Heading for the Exits

Photoluminescent egress markings increase the safety and efficiency of emergency plant evacuations.

SAFE evacuation of your facility in emergencies such as power outages, fires, natural disasters, or other crisis situations requires advance preparation. The safety of all people in the plant depends on a detailed plan and site preparation, including explicit marking of egress routes.

NFPA and OSHA (at 29 CFR 1910.38) mandate a written plan and procedures and recommend clear marking of exit routes. Other national and local codes, such as California's, may demand more. Plant preparation now avoids serious problems later. Plant managers are finding that photoluminescent signs and markers provide explicit directions for egress, in lighted conditions or in complete darkness, with minimal outlay and maintenance.

The pressure of a crisis situation makes it harder for all of us to think clearly, making on-site instructions even more valuable to plant occupants. Keep in mind that you want to mark clearly what the occupants need to avoid, as well as the safest, most efficient egress route. Long-time employees may be perfectly familiar with your facility's layout, but new employees, contractors, and visitors will require more detailed help. You need in-plant signs and markers to guide people along evacuation routes to appropriate exits, and outdoor assembly points.

Why Use Photoluminescent Markings?
Photoluminescent signs absorb and store energy from normal ambient light in the room, then release this energy in the form of light when the room is darkened. Some new signs incorporating the latest technology glow for 24 hours.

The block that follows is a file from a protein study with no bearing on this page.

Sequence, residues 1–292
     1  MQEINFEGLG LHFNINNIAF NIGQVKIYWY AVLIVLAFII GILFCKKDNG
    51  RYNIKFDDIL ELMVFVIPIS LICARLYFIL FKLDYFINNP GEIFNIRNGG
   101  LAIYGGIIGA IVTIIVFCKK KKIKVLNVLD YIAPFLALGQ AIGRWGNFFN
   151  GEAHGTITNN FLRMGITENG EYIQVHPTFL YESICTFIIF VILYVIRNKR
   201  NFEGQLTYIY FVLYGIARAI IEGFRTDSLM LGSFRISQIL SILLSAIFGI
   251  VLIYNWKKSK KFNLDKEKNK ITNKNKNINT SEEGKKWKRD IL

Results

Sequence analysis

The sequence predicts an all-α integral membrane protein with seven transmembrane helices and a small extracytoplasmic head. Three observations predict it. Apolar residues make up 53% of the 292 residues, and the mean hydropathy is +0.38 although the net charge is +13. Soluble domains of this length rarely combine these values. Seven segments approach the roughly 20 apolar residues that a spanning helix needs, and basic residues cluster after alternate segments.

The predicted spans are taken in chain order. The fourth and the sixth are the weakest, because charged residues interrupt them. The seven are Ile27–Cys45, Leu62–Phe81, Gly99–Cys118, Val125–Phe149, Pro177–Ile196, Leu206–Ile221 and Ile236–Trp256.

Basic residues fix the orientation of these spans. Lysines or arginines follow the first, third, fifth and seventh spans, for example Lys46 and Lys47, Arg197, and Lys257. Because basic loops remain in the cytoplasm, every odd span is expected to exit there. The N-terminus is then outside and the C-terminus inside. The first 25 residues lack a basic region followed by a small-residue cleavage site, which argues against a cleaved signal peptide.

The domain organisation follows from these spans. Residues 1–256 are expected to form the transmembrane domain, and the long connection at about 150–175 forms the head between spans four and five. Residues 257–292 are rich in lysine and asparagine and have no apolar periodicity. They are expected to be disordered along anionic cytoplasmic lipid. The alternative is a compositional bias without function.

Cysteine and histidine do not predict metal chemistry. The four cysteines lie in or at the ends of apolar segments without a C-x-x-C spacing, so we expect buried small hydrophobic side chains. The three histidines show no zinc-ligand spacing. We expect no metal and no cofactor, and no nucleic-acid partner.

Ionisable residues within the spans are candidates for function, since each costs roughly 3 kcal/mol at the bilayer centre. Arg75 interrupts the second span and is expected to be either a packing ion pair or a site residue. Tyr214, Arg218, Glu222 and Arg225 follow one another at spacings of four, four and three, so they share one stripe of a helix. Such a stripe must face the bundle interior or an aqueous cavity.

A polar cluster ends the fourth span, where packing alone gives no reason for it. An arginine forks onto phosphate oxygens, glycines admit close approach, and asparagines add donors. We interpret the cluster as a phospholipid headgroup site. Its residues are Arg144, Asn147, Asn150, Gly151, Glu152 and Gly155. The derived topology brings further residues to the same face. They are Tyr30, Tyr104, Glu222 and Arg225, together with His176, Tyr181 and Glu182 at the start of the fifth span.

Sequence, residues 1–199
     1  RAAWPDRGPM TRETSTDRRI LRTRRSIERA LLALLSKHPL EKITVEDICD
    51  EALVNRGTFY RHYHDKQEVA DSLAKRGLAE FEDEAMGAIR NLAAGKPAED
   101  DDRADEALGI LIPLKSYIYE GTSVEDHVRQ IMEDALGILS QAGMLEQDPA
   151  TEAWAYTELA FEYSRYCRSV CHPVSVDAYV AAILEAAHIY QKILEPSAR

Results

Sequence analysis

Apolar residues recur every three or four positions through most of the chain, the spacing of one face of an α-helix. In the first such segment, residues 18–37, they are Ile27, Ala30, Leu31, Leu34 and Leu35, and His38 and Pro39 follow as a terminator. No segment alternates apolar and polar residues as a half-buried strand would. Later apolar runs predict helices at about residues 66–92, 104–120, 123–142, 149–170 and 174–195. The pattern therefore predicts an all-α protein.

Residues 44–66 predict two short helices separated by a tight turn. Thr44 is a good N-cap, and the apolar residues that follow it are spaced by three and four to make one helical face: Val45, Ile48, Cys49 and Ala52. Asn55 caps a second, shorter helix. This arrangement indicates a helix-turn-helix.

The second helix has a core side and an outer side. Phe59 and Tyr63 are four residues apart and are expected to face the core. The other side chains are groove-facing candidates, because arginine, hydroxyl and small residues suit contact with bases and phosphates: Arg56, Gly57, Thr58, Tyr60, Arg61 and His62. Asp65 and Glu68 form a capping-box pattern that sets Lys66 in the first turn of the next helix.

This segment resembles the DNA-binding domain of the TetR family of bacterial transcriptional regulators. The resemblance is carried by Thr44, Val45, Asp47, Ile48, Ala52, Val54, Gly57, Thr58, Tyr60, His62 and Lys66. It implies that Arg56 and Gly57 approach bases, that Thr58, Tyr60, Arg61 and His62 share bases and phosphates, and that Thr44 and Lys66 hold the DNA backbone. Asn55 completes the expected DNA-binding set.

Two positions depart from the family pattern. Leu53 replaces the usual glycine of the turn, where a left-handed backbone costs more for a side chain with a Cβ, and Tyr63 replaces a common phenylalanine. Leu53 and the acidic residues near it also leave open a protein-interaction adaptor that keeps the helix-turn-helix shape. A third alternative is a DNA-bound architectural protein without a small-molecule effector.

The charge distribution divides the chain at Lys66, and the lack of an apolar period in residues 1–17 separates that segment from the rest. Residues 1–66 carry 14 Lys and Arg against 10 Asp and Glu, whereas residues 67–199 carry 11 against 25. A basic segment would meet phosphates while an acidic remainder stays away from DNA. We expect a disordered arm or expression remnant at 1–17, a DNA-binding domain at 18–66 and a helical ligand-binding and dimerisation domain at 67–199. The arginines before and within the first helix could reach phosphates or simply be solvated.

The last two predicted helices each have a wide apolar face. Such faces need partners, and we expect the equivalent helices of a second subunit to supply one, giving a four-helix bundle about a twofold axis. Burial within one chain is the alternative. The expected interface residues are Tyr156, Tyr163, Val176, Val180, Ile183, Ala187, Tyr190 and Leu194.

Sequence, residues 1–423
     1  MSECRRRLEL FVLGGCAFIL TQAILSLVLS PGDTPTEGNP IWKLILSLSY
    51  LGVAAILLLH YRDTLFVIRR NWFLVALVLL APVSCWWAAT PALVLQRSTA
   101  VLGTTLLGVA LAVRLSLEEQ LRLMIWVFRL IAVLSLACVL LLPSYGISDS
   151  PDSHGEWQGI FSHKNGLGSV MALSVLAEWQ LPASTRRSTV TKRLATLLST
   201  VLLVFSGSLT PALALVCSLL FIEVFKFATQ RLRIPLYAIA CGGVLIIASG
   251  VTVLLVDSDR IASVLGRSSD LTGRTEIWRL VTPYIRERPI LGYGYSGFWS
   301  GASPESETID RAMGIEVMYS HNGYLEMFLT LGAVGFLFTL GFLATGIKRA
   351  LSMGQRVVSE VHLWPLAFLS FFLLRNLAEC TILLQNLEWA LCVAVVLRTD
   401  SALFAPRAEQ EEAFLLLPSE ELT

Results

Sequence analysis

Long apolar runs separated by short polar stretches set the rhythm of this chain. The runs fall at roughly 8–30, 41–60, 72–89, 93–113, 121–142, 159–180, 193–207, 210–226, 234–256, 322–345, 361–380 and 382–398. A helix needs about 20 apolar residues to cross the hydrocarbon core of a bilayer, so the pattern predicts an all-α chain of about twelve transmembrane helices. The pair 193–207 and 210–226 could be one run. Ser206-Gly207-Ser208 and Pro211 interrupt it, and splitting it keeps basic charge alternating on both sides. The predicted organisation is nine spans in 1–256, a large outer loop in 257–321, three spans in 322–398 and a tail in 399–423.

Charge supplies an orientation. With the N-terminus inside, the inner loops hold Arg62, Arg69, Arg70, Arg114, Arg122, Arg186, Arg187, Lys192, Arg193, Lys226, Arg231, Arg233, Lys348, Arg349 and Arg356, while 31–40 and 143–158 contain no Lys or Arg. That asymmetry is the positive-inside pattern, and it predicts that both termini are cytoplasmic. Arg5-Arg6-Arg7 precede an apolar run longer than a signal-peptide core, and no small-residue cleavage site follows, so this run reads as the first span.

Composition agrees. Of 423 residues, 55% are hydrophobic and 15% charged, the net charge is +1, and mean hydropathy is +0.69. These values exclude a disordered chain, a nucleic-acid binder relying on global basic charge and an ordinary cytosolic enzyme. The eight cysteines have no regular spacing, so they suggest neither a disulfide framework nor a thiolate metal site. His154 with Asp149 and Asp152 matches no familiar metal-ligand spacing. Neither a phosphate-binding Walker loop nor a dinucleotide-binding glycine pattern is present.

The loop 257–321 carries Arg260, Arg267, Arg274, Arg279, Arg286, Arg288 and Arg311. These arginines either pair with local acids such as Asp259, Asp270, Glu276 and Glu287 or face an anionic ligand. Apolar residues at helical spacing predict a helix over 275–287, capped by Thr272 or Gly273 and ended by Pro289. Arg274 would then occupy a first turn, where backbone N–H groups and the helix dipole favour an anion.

The new photoluminescent materials take advantage of strontium aluminate in their compounds and have better performance. These improved materials glow brighter and longer, making them a fast-growing solution for reliable egress marking. Their value becomes apparent in the case of power outage or fire--especially in smoke-filled areas.

Because photoluminescent markings require no electricity, they have lower installation costs (no rewiring) and no operating cost (no electricity or batteries). They're maintenance-free, saving the time of monthly checks that can be sizeable in large facilities. And their expected life is more than 25 years for some types.

Photoluminescent markings are suitable even in hazardous environments because they will not generate an electrical spark to set off an explosion. They are non-toxic and non-radioactive for environmentally friendly operation and disposal, unlike the older tritium signs that are radioactive, considered hazardous material, and require expensive disposal.

Marking and Sign Checklist

The maritime industry has long, well-developed experience in marking exit routes. Larger ships, with their multiple decks and sometimes complex exit routes, need clear instructions that can be followed in any emergency situation, including complete darkness or smoky conditions. Photoluminescent markings are frequently used to convey instructions and clearly mark evacuation routes and exits. The International Maritime Organization and International Organization for Standardizaton (ISO) have issued several resolutions and standards covering both their recommended application and minimum performance standards.

Shopping for Photoluminescent Signs and Markings
A recommended guide, E2030, from ASTM International (formerly named the American Society for Testing and Materials) addresses use of photoluminescent markings. Used to supplement emergency lighting, mark evacuation routes, and identify exit doors, they can eliminate confusion and help facilitate an orderly evacuation in a time of crisis.